Gatwick Airport introduces COVID-19 protective measures as it reopens North Terminal

London Gatwick Airport has introduced a range of measures to protect the wellbeing and safety of both passengers and staff. The airport reopened its North Terminal on 15 June.

London Gatwick Airport has introduced a range of measures to protect the wellbeing and safety of both passengers and staff. The airport reopened its North Terminal on 15 June, with airlines starting to scale-up their flying programmes.

The wellbeing and safety of passengers and staff remains Gatwick’s top priority and extensive measures in place throughout the airport to “protect each other” include face mask vending machines, hand washing facilities and hand sanitising stations, enhanced deep cleaning of common-use surfaces, social distancing procedures, and the installation of Perspex screens throughout the terminals.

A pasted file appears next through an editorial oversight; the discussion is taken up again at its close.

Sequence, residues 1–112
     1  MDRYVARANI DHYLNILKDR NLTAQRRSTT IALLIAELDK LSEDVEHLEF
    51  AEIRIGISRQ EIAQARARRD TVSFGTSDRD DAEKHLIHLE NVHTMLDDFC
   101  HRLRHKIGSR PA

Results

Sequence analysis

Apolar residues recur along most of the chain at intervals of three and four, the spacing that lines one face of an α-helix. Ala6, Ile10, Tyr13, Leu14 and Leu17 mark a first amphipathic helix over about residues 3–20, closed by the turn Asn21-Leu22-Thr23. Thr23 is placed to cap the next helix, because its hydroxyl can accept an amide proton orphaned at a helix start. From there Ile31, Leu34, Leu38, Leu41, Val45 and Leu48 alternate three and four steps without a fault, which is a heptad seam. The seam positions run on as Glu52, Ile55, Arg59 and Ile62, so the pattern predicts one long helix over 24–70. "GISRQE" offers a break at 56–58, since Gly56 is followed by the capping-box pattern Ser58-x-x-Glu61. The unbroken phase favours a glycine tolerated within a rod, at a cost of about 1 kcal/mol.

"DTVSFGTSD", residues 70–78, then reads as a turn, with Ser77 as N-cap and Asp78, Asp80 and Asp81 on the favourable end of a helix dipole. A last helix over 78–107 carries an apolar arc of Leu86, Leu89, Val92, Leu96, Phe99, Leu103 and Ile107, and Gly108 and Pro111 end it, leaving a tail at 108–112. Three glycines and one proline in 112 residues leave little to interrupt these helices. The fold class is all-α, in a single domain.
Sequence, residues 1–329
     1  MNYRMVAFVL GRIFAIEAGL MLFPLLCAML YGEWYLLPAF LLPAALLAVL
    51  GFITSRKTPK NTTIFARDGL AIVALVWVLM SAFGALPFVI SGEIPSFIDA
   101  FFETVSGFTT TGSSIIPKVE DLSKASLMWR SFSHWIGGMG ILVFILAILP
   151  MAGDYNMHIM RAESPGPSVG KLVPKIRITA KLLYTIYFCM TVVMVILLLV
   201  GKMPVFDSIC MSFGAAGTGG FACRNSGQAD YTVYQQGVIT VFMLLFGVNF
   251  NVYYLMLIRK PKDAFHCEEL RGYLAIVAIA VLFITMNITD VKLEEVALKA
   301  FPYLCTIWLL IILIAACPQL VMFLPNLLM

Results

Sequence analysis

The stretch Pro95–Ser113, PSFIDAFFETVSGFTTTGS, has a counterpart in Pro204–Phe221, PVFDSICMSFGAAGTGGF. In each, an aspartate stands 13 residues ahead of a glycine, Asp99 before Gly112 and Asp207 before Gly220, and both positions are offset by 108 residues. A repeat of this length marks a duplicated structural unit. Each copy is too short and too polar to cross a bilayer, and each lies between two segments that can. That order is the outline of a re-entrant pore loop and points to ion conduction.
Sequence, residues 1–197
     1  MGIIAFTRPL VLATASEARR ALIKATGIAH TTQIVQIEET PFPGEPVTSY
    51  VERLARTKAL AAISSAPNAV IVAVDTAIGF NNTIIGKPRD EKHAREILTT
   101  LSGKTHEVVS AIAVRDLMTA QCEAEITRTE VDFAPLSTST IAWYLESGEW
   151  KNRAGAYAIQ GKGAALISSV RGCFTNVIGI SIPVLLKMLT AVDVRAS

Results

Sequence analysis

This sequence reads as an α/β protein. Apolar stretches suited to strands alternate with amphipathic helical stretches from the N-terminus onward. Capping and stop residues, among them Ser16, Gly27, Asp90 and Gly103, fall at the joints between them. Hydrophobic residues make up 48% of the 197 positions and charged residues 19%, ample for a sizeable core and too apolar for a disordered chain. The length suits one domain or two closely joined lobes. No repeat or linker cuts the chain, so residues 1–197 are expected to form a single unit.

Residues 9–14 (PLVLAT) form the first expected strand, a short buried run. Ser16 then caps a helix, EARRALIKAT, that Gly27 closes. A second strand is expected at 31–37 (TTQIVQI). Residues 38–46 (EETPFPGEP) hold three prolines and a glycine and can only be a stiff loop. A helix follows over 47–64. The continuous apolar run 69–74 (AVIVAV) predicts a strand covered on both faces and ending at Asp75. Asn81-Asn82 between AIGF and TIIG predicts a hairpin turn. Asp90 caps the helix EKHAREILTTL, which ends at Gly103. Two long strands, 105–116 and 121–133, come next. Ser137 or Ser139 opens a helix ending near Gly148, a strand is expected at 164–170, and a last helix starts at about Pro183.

In addition to passenger guidance online – available on Gatwick’s website and app – digital and physical signage advising passengers of the new health measures is displayed throughout the airport.

“Having remained open throughout this pandemic, the wellbeing and safety of our passengers and everyone that works at the airport remains our top priority,” says Stewart Wingate, Chief Executive, Gatwick Airport. “We have introduced a range of new social distancing and hygiene solutions to help this happen, so we can all help protect each other when travelling through the airport. We want people to understand that airports and air travel is a safe environment in this COVID-19 travelling world.”

Smart technology fundamental to resumption of air travel

SITA is rapidly rolling out new solutions complementing short-term hygiene measures such as the use of masks and gloves. These solutions centre on three key areas: distancing, hygiene and sanitation, and health checks.

SITA has shed new light on how technology is helping airports and airlines safely resume operations and help implement new hygiene measures to restore passenger confidence after a lengthy shutdown due to the COVID-19 pandemic.